As more human behaviors are being measured, the line between the quantitative and the qualitative has blurred. I admire Brian Burke, who led the U.S. men's hockey team on an Olympic run in 2010 and who has been an outspoken advocate for gay-rights causes in sports. But Burke said something on the hockey analytics panel at the MIT Sloan Sports Analytics Conference last month that I took issue with. He expressed concern that statistics couldn't measure a hockey player's perseverance. For instance, he asked, would one of his forwards retain control of the puck when Zdeno Chara, the Boston Bruins' intimidating 6' 9" defenseman, was bearing down on him? The thing is, this is something you could measure. You could watch video of all Bruins games and record how often different forwards kept control of the puck. Soon, the NHL may install motion-tracking cameras in its arenas, as other sports leagues have done, creating a record of each player's x- and y-coordinates throughout the game and making this data collection process much easier.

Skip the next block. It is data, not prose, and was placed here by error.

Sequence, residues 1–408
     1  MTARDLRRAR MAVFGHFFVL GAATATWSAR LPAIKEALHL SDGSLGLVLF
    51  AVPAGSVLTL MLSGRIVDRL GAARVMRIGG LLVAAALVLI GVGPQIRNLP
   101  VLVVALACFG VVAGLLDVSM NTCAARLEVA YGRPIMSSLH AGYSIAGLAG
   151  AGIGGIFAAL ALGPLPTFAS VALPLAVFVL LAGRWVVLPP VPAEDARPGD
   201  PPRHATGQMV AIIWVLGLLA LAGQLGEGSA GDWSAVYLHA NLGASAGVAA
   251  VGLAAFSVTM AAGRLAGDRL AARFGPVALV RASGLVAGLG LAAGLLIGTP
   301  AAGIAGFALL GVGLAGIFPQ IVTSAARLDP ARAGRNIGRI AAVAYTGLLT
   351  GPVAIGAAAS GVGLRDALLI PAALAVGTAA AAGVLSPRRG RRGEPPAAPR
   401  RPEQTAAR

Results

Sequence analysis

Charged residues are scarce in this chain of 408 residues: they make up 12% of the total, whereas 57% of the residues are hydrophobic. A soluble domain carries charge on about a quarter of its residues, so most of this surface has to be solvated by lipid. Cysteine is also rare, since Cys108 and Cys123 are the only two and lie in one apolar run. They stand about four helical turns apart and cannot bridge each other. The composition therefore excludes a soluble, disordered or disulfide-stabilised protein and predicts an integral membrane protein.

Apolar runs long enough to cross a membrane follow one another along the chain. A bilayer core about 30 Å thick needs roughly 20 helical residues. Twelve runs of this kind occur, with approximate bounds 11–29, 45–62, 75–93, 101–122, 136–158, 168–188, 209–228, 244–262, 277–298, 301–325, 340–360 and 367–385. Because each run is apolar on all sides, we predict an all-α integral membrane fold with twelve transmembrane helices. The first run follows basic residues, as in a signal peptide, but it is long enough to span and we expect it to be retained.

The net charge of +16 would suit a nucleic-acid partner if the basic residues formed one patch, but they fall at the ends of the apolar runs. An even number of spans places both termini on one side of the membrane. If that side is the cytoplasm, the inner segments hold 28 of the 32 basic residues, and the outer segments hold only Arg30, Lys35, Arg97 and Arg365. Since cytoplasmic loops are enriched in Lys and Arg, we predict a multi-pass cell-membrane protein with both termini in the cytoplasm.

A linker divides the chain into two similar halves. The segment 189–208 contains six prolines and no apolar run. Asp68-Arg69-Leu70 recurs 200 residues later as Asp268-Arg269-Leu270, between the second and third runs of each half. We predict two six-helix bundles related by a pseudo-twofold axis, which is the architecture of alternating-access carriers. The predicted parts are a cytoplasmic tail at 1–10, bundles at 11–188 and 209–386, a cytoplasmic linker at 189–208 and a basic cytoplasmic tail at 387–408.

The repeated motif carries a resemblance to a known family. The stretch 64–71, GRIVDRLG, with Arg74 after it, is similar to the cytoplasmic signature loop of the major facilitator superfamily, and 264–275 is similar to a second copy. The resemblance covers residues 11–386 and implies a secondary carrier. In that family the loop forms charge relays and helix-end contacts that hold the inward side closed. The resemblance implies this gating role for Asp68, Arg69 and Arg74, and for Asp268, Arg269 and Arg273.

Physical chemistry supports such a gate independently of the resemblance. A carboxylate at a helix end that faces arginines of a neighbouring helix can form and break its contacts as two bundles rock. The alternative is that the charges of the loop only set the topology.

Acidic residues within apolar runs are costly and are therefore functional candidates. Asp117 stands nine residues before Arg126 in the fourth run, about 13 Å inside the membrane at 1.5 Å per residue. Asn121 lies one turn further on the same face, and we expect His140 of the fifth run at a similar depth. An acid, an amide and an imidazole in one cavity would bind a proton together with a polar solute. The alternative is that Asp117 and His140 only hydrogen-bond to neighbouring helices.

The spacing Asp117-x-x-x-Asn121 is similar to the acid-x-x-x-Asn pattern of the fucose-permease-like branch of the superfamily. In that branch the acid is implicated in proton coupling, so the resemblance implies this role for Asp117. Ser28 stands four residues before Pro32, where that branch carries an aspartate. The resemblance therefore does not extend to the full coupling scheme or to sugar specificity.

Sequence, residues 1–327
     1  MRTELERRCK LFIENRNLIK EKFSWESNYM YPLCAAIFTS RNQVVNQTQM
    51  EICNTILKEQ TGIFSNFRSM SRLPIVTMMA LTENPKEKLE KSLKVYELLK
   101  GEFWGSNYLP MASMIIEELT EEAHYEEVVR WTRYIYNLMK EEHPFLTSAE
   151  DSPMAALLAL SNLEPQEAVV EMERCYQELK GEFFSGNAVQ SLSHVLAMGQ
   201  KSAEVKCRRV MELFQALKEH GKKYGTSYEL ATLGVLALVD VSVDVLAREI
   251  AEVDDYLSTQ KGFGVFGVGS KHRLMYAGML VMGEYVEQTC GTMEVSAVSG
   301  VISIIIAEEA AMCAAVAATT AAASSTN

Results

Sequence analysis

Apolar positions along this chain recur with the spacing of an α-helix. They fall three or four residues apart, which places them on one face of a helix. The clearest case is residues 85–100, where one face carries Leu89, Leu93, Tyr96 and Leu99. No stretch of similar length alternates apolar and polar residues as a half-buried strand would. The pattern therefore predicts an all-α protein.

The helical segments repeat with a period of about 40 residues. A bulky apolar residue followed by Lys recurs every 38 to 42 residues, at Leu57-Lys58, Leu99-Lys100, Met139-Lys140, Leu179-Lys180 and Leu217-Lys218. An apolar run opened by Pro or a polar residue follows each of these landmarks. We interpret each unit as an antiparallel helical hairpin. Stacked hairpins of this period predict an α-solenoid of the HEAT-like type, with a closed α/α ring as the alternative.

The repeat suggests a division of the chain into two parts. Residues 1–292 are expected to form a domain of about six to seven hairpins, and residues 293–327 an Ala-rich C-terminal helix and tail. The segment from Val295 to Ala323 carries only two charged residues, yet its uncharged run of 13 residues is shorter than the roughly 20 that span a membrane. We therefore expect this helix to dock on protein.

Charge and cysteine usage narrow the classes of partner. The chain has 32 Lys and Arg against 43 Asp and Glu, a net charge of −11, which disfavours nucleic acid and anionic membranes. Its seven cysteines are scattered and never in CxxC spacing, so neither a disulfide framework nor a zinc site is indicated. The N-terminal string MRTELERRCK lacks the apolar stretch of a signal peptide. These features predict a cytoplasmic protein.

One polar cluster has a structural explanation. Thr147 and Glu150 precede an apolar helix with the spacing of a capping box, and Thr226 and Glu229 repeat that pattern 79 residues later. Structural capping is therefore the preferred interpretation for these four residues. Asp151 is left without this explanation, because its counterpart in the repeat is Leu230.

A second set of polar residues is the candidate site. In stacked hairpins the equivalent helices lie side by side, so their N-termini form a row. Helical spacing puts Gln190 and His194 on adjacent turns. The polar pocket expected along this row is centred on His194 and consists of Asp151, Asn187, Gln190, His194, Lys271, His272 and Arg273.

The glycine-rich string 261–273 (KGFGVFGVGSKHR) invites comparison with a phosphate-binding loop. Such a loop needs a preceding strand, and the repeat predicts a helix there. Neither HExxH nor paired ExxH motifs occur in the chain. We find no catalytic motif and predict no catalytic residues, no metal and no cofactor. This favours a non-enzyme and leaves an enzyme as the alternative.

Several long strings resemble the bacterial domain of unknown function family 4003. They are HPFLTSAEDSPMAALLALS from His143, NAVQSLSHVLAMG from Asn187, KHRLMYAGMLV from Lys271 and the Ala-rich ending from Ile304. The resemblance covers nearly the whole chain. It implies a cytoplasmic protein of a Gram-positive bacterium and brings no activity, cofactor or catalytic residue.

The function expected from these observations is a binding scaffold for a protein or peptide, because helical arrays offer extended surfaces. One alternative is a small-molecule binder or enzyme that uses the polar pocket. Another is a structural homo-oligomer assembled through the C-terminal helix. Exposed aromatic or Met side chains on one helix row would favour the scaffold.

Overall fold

As the availability of data increases beyond comprehension, humans will necessarily turn the effort of analysis over to machines running algorithms. Predictions and simulations will abound and human actions - whether voting for a president or holding on to a hockey puck - will increasingly appear to be predictable behavior. The fact that actions are never fully predictable is already fading from view; we have become accustomed to knowing how things will end before they begin.